Punk attitude, riot grrrl aesthetic, queer feminist rage… meet Not Right

In October 2014 activists, academics and left wing, feminist punk band Not Right released ‘Your Turn’ an album dealing with political, social, cultural and gender issues. The album was described by punx.co.uk as ‘uncompromising’ and a ‘reality check’ with echoes of Crass and Action Pact (1) so I was excited when they kindly agreed to an interview.

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Photo: Liz Ewbank

 

You are all academics -what made you decide to form a punk band? 

Snowy:
Kirsty told me to. At Rock It March 2011, I bumped into Kirsty and at some point she asked ‘Do you play in a ska band?’
‘Yes’
‘So you’ve got a decent sense of rhythm?’
‘Yeah’
‘Great you can play drums in my new band’.
That’s my band genesis story. I borrowed a pair of sticks from a colleague who didn’t play anymore – booked a couple of practice sessions and tried to ignore the embarrassment of ‘Oh no everyone will hear me fuck up’. After that I was(n’t) ready for our first band practice!

Kirsty:
For me the final push to form a band (after a decade of wanting to but not acting on it) actually came from my academic work. I was halfway through my research, for a PhD focused on the Dutch punk scene, and was back home for a few months. My research was the first thing that really demystified the ‘being in a band’ thing and made me feel I could maybe give it a go. Years of being into punk hadn’t really done that for me. The lack of a local scene meant that most bands I saw live were big commercial bands; those punks were no different from any other distant rock star. And I didn’t see many other women on stage, certainly not shy women like me. But I suddenly realised that it really didn’t matter that I couldn’t play and never wanted to do so on stage – I could still get in a practice room and just have fun. So I sought out two other friends who also couldn’t play their instruments so there was a level playing field and we could just work things out as we went.

Ruth:

I’ve always wanted to be in a band! As I got older a lot of my friends started playing guitar and forming bands, but I felt they were all more talented than me. Instead I started to run gigs, and later started to DJ. In the end, I finally joined a band because Kirsty encouraged me to. The idea of us all basically starting from the same place and learning together was really appealing. We happened to all know one another as postgraduates because we’d all been students at the same university for a long time. The band has basically continued alongside our studies.  I don’t see the two as in any way contradictory – after all, most musicians have day jobs.  And punk is a powerful outlet for self-expression outside of the mundane world of work.

Your lyrics deal with a range of political and social issues from social media to male dominance of children’s culture to education cuts -where would you place yourself politically?

Snowy:
Somewhere left of centre. I think I’m to the right of the other two though. I don’t really think about where I fall on a political axis too often. Maybe I should.
Kirsty:
The band’s lyrics are mostly written by Ruth but always okay’d by the rest of the band – but this doesn’t mean we all agree on everything politically, and we often end up having long rambling political debates! It’s really difficult for me to position my own personal politics in a straight-forward way. I don’t tend to label myself and I certainly don’t align myself with any of the political parties that ‘represent’ us. I tend to draw differentially on anarchist, socialist, and intersectional feminist ideas when constructing my own approach.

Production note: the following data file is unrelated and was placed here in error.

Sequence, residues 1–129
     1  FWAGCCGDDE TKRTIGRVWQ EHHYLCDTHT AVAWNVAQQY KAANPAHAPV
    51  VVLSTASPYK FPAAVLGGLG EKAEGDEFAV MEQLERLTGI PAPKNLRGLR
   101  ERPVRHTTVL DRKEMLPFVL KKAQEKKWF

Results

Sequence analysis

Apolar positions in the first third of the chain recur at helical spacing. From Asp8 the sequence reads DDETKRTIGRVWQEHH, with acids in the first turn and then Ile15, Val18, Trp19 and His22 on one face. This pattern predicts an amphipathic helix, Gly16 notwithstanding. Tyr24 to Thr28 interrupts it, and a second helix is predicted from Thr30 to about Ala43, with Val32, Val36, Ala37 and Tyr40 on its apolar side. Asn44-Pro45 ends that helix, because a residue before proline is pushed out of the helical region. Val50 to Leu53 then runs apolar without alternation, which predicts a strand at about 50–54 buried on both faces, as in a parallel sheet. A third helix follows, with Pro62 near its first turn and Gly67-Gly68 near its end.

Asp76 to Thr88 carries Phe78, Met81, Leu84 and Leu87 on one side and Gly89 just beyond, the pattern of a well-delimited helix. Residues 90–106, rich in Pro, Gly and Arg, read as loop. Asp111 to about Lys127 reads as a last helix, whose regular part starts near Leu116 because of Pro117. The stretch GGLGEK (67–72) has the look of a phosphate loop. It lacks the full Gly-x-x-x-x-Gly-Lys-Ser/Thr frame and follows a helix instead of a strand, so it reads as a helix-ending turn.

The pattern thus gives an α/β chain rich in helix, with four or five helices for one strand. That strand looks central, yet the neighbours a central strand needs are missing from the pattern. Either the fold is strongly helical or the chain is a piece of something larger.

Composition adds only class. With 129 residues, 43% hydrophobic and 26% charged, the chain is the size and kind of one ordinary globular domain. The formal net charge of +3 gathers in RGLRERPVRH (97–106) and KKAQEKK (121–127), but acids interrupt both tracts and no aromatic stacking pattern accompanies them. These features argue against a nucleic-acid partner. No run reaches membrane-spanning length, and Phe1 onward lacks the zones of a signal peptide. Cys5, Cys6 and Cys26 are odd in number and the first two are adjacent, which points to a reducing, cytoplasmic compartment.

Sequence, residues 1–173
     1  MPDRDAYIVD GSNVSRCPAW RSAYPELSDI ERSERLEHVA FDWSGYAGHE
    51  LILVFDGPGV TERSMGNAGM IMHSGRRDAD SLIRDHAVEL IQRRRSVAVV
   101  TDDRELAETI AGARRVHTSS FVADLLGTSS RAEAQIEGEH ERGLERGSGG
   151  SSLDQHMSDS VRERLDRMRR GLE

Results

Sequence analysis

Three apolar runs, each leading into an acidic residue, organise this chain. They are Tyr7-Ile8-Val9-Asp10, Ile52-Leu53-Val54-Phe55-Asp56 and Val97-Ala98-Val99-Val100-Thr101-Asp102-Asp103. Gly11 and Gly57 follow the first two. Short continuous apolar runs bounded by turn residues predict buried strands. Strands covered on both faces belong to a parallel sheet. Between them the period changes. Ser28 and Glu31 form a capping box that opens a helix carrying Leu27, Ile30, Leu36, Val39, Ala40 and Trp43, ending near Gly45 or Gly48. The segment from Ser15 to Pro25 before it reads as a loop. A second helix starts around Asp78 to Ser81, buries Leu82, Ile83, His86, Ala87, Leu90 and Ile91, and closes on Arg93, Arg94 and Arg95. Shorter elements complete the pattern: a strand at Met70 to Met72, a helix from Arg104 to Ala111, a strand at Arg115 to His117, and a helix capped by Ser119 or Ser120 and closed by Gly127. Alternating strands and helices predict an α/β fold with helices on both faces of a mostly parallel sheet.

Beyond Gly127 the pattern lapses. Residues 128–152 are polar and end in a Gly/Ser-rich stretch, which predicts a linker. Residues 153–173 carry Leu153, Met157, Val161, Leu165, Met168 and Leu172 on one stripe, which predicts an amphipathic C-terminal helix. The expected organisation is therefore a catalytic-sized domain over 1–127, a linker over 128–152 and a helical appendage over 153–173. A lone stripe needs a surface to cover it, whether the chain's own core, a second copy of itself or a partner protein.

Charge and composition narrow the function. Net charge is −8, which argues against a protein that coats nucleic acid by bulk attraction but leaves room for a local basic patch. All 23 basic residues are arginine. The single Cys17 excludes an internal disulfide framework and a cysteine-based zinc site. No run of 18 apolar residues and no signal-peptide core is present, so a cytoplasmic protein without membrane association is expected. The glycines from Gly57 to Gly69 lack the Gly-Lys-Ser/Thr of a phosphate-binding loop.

Ruth:
I think all three of us have somewhat different political views and approaches. The way we organise the band basically enables us to remain autonomous as individuals, but act  collectively as a band.  We’re all left-of-centre and broadly believe in stuff like the public provision of services  (e.g. healthcare), individual freedom from state surveillance and interference, an intersectional approach to liberation politics (taking into account feminism, anti-racism,  class politics, LGBT rights, disabled rights and so on) – I suppose we’re most likely to differ on ideas around implementation, the role of political parties and suchlike. But that’s not a  particularly exciting theme for a song. Ultimately most our songs – being punk songs! – are oppositional. We oppose the things we  think are bad in the world, rather than necessarily advocating a solution (with occasional  exceptions, such as ‘Intersectionality Song’). But we’re all activists outside of the band too to one extent or another, so that’s where you’re more likely to find us fighting for something.

How have government cuts affected the areas you are involved in-education and the arts?

Kirsty:
The DIY punk scene tends to try and operate outside the realm of government supported arts, but there’s a definite issue with the loss of/lack of support for vital things like venues and practice rooms. With more of these closing/being forced to charge for the use of them, the higher the costs are for those in bands/promoters. This then prices people out at a time when not many people have cash to spare.
Snowy:
There’ve been a fair number of smaller promoter hiatuses in my hometown caused by venues closing down or cutting back on live music to stave off closing down. Then a short delay before somewhere new can be found to put bands on. The larger nights tend to be run in-house by one of the larger places, who play it safer with what they put on (plenty of tribute acts!).
Ruth: